President Viktor Yanukovich and President Vladimir Putin
Ukrainian President Viktor Yanukovich (L) gives a wink to his Russian President Vladimir Putin during a signing ceremony after a meeting at the Kremlin in Moscow, 17 December 2013 Reuters

Ousted Ukrainian president Viktor Yanukovich said he is "surprised" that Vladimir Putin continues to stay silent "in such a reserved manner" over the Ukraine crisis.

Claiming that Russia is "obliged" to act in the crisis, Yanukovich said that knowing the character of the Russian president "I am surprised he is still staying silent."

The deposed president said that he has not met Putin yet, but was in touch with him by phone.

"I was in constant dialogue with Putin, but above all it was about our economic affairs," Yanukovich said.

Asked about whether Putin thinks he is still the Ukrainian president, Yanukovich said: "When we meet I'll understand and we'll probably have a discussion about what happened."

Talking in the South Russian city of Rostov-on-Don, at his first news conference since fleeing Ukraine, Yanukovich insisted that he never "gave any orders" to police to shoot protesters and remarked that he still is the president of his homeland.

"I'm an acting president; I haven't resigned, I haven't been impeached, and I'm still alive," he said.

Yanukovich added that the overnight seizure of two airports in Crimea by alleged Russian forces is a "natural reaction to the bandit's regime change" in Kiev.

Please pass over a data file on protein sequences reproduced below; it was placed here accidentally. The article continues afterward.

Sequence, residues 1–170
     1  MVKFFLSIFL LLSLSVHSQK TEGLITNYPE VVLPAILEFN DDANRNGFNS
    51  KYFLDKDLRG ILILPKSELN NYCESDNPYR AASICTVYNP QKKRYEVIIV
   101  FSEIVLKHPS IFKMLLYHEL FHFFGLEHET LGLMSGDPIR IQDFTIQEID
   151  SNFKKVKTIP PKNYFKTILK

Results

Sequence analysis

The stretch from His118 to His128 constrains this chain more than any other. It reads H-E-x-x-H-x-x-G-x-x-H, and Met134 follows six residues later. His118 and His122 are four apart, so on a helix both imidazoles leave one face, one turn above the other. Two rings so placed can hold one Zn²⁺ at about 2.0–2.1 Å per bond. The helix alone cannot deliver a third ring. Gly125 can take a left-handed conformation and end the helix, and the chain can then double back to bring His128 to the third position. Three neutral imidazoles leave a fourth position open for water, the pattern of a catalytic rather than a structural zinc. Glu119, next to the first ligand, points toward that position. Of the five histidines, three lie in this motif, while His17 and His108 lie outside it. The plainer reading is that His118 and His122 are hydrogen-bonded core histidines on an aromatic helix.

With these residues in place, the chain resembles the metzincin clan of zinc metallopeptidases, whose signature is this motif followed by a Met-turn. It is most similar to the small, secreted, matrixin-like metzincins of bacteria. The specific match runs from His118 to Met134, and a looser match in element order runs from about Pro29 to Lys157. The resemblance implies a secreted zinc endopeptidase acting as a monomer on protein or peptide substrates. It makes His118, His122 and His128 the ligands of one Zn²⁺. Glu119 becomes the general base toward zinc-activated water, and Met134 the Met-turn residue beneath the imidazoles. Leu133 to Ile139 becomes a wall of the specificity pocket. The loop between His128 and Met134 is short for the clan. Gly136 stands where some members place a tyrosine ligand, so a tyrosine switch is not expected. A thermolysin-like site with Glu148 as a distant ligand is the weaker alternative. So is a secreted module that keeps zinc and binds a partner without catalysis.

The fugitive president expressed "sympathy" with the formation of a self-defence militia in the peninsula maintaining that it was "the natural desire of people".

"Crimeans don't want to obey and will not obey nationalists," he said.

However, Yanukovich said that he is not planning to request Russian military support and urged Crimeans to "avoid any conflicts".

"As the president of Ukraine, I declare that Crimea should remain within the territory of Ukraine, retaining broad autonomy," Yanukovich said.

Yanukovych apologised before veterans and the Ukrainian people for "not having the strength to keep stability and allowing this lawlessness"

He denied that he ran away from his country, insisting: "I didn't have any fear, I needed to comply with safety conditions. I never ran away. I went to Kharkov, but then they shot at me with automatic weapons when in a car. I just had to guarantee my safety."

The ex-president said he will not take part in May presidential elections, as they are illegal.